4. SFTP

I think the title of the plugin says it all. It allows you to directly connect to your server and sync projects and files just by saving. You will never have to edit a file in a text editor, open your FTP client and upload the file again. Now, you can do it directly from Sublime Text 2.

When used in conjunction with Projects, you’ll find that you can easily save hours of time spent on remote uploading. By far, SFTP for Sublime Projects is one of the most essential plugins you’ll need for any project!

5. SideBarEnhancements

This is a small plugin that makes minor adjustments to the Files and Folders sidebar, providing a more intuitive interface. Though this doesn’t add much functionality, it can definitely speed things up. Take a look at the plugin on the SideBarEnhancements GitHub page

I hope this list of Sublime Text 2 plugins will enhance your capabilities and ease up your processes, as it has done for me. Give them a try and let me know what you think. Also, if you have a different favorite plugin, I’d love to hear about it.

-Cassandra

May 1, 2014

New App Release: SoftLayer Mobile for Windows 8.1

Today, the SoftLayer development team is launching a new platform accessibility tool for SoftLayer customers who want to easily manage their infrastructure from Windows. We've gotten a great response from the users of SoftLayer Mobile app for Windows Phone, so we turned our attention to creating an app for customers on Windows 8.1: SoftLayer Mobile for Windows 8.1.

With a growing number of users adopting and embracing Windows 8.1 on their PCs, and the Windows Store is becoming a vibrant community of useful apps for those customers. There are more than 145,000 apps on the Windows Store, and that number is expected to increase exponentially following Microsoft’s recent introduction of "Universal Apps for Windows Phone 8.1 and Windows 8.1.” With all that goodness and an expanding market, it was imperative for our mobile development team to build an app for customers using Windows 8.1 as their default OS or carrying Windows RT tablets.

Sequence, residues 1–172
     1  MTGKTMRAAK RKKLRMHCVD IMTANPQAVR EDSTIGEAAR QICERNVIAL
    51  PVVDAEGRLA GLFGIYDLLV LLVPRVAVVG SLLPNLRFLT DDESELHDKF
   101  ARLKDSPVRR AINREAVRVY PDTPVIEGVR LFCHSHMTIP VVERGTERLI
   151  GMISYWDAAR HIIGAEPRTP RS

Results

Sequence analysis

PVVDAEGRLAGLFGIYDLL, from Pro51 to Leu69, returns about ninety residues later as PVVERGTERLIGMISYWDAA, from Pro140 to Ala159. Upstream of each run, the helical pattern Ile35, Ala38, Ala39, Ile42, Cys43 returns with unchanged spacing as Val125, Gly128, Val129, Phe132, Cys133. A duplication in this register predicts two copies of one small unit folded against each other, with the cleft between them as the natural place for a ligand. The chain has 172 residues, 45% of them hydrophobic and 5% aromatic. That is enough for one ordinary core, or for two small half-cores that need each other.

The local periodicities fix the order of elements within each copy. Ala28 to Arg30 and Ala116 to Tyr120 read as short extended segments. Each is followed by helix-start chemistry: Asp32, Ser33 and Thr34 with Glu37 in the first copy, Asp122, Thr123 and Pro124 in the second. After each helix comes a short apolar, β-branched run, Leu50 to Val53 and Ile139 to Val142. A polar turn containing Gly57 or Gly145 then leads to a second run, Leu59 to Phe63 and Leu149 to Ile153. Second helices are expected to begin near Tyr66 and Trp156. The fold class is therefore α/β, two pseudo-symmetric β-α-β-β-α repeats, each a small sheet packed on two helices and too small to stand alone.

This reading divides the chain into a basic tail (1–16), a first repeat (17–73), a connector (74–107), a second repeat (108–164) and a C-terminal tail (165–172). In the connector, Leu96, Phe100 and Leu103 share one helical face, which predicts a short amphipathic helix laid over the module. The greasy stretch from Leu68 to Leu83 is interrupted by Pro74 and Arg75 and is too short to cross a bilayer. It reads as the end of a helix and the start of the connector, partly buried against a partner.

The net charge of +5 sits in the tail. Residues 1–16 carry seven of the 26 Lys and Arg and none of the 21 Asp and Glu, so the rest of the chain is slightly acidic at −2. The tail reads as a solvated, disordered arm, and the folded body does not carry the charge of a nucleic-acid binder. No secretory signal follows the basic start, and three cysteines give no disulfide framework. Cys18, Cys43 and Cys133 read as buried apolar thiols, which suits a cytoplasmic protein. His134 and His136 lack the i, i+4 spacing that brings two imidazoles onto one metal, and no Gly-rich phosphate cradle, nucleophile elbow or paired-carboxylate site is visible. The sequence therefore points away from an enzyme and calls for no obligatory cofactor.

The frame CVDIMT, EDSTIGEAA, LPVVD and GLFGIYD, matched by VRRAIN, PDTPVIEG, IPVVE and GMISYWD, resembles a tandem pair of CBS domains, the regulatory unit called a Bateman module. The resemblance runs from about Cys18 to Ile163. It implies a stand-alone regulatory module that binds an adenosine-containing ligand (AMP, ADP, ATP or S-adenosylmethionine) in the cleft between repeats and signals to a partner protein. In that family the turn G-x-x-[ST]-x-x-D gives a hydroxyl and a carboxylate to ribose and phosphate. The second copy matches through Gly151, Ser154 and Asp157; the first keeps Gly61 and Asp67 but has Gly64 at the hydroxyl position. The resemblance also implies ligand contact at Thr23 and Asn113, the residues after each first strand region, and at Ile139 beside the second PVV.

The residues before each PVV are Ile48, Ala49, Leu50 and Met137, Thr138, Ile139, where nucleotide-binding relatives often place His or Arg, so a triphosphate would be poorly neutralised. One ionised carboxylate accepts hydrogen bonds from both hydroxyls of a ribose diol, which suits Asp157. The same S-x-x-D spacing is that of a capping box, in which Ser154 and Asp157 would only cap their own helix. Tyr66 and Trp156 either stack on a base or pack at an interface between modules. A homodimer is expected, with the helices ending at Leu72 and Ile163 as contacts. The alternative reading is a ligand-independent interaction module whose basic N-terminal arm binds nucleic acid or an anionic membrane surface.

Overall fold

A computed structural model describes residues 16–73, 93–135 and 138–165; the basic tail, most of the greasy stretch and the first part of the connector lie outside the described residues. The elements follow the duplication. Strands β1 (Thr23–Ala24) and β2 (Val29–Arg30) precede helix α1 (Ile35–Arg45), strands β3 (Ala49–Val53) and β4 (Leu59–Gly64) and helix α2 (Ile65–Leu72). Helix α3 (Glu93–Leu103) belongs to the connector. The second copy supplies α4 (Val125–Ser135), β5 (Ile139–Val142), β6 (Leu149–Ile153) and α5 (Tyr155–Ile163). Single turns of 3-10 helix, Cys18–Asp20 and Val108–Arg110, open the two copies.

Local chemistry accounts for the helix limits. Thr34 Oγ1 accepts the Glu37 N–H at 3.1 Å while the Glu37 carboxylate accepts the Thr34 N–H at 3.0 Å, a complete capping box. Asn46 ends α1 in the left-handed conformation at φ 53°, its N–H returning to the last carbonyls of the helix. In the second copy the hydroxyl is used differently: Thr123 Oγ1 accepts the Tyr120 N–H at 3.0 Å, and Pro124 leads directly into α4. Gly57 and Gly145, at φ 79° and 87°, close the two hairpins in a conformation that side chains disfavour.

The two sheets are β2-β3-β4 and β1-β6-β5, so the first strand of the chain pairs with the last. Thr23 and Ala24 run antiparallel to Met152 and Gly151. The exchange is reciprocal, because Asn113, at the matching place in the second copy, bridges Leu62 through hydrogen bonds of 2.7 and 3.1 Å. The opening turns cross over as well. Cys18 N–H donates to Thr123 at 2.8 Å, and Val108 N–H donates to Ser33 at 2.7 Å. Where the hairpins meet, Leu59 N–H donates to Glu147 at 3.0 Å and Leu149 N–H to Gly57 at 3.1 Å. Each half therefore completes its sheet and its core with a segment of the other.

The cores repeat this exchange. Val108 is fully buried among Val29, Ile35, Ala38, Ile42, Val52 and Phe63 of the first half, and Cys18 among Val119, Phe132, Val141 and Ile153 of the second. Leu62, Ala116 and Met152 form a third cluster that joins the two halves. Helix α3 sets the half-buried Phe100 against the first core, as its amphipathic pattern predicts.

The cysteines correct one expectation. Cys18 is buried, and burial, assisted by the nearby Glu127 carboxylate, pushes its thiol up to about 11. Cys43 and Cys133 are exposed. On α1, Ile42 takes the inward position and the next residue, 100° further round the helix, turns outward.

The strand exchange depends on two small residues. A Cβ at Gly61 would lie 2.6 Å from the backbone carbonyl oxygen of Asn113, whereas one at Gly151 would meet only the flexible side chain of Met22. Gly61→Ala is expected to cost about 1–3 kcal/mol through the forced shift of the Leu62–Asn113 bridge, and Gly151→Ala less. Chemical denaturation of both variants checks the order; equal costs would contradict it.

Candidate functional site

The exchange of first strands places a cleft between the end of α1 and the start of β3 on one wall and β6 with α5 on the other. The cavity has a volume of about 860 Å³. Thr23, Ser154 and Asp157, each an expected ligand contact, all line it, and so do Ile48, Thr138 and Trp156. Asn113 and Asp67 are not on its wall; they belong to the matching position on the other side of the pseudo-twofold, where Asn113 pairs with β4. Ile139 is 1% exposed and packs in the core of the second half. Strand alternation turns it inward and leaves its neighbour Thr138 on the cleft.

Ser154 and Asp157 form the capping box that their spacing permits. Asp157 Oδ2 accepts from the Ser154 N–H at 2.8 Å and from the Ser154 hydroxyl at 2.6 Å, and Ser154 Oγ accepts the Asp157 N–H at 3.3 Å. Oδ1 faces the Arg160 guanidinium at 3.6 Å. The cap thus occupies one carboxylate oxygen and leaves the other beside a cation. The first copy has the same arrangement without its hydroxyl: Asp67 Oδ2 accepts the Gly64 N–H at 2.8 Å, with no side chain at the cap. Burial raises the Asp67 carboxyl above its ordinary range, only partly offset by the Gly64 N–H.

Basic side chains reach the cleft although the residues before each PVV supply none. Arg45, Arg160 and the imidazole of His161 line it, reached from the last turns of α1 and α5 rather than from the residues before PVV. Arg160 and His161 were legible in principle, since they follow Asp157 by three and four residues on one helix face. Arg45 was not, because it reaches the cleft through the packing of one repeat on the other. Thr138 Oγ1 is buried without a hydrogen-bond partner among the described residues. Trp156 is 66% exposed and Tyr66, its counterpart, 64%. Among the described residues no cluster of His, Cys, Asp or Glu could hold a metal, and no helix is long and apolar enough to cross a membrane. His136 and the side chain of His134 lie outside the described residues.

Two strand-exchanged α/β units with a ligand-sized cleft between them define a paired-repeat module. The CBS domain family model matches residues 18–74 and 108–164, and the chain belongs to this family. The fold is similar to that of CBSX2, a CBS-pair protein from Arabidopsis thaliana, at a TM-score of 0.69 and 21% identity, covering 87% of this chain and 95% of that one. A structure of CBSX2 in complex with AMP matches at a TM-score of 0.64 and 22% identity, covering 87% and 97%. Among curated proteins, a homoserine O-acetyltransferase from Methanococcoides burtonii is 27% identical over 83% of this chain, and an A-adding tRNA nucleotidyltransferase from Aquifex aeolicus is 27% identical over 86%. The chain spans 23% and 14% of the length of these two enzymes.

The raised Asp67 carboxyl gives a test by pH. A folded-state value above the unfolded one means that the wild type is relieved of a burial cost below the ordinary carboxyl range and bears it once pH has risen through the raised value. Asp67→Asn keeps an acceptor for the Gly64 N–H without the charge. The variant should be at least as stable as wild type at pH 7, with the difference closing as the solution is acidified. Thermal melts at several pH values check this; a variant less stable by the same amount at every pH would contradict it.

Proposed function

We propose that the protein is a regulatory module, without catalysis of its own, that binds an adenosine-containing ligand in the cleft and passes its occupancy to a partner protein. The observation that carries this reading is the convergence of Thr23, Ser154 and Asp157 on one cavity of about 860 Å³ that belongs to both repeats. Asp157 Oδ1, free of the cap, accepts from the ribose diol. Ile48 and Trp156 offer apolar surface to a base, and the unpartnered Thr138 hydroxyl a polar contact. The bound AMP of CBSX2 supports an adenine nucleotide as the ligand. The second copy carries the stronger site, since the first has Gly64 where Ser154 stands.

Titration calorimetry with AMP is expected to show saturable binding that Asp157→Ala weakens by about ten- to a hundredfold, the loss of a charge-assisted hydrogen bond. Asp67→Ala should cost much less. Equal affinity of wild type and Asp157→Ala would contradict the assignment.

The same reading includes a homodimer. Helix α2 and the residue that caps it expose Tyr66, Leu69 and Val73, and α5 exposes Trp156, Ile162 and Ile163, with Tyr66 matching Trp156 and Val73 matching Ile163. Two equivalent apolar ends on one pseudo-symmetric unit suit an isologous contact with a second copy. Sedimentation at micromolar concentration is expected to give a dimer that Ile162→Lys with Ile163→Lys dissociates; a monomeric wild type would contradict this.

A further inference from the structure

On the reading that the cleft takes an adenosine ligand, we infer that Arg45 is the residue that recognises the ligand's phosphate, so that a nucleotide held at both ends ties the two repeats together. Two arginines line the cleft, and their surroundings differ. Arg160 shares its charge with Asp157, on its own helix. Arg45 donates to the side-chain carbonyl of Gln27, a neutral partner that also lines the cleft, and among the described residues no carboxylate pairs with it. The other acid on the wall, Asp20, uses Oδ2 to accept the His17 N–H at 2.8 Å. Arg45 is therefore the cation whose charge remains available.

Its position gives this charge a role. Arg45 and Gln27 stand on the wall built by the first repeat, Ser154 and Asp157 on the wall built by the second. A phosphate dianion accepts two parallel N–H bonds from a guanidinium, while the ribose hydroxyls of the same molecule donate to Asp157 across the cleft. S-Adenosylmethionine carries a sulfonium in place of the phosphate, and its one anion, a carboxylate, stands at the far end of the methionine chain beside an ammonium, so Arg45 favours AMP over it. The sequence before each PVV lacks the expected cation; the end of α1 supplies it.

Why Windows 8.1?

Our team wants to provide simple, efficient ways for customers to connect to SoftLayer infrastructure and perform any necessary management tasks while on-the-go. Our team is inspired by the power of connected devices in Windows ecosystem. By developing an app for Windows 8.1, we will slowly bring the phone, tablet and PC onto one streamlined platform — a concept many smart devices are adopting quickly.

What’s Fresh?

New Dashboard

The SoftLayer Mobile app for Windows 8.1 is a fresh new approach to its Windows Phone sibling. The app provides a dashboard view after authentication that provides a snapshot of some of the most commonly used information and controls in the portal.

Currently, the dashboard supports four different panels: Tickets, devices, accounting and bandwidth. All display an overview of relevant information for you and your environment. The dashboard also allows you to quickly add a ticket or make a one-time payment on your account.

SoftLayer Mobile for Windows 8.1

In-line Ticket Updates

In the new tickets module, you can update tickets without ever leaving the page. This functionality is similar to what you see on many social websites, and it's integrated to be seamless.

SoftLayer Mobile for Windows 8.1

Search Everywhere!

One of the coolest additions to the new app is the introduction of search functionality in each module. Now, you can search a ticket, a device, or an invoice by just typing into the search box! The search capability lets you spend less time scrolling and more time working.

SoftLayer Mobile for Windows 8.1

Bandwidth Display

Smart phones have apps that measure and report how much data you are using, and your infrastructure should be similarly transparent Bandwidth usage is an important aspect of server management, so we built the bandwidth module to show your infrastructure's public and private traffic for current and previous billing cycles. This view also helps you see when a server is about to reach its limits so that you can plan accordingly.

SoftLayer Mobile for Windows 8.1

The module provides two ways to look at the data:

  • In a tabular form by clicking the “Show/Hide Traffic Details” button.
  • In a graphic representation by clicking the “View Graph” button.

SoftLayer Mobile for Windows 8.1

Same Functionality. Better Experience.

Sometimes change is not always needed for a nicely crafted feature. The new app keeps the same feature richness of the Windows Phone app and arranges it in a user-friendly way. For example, in the devices module, you can navigate to between different tabs to get the information you need, from password lists and attached tickets to a specific device or monitoring alarms.

The “Remote Control” section on the module allows you to perform actions such as rebooting, power cycles, restarts and pinging servers. In addition, you can view hardware and software installed on the device along with the hardware and network components attached. In the current phone version, you can only see the root password for the device, but in the Windows 8.1 app, you see all passwords for the server.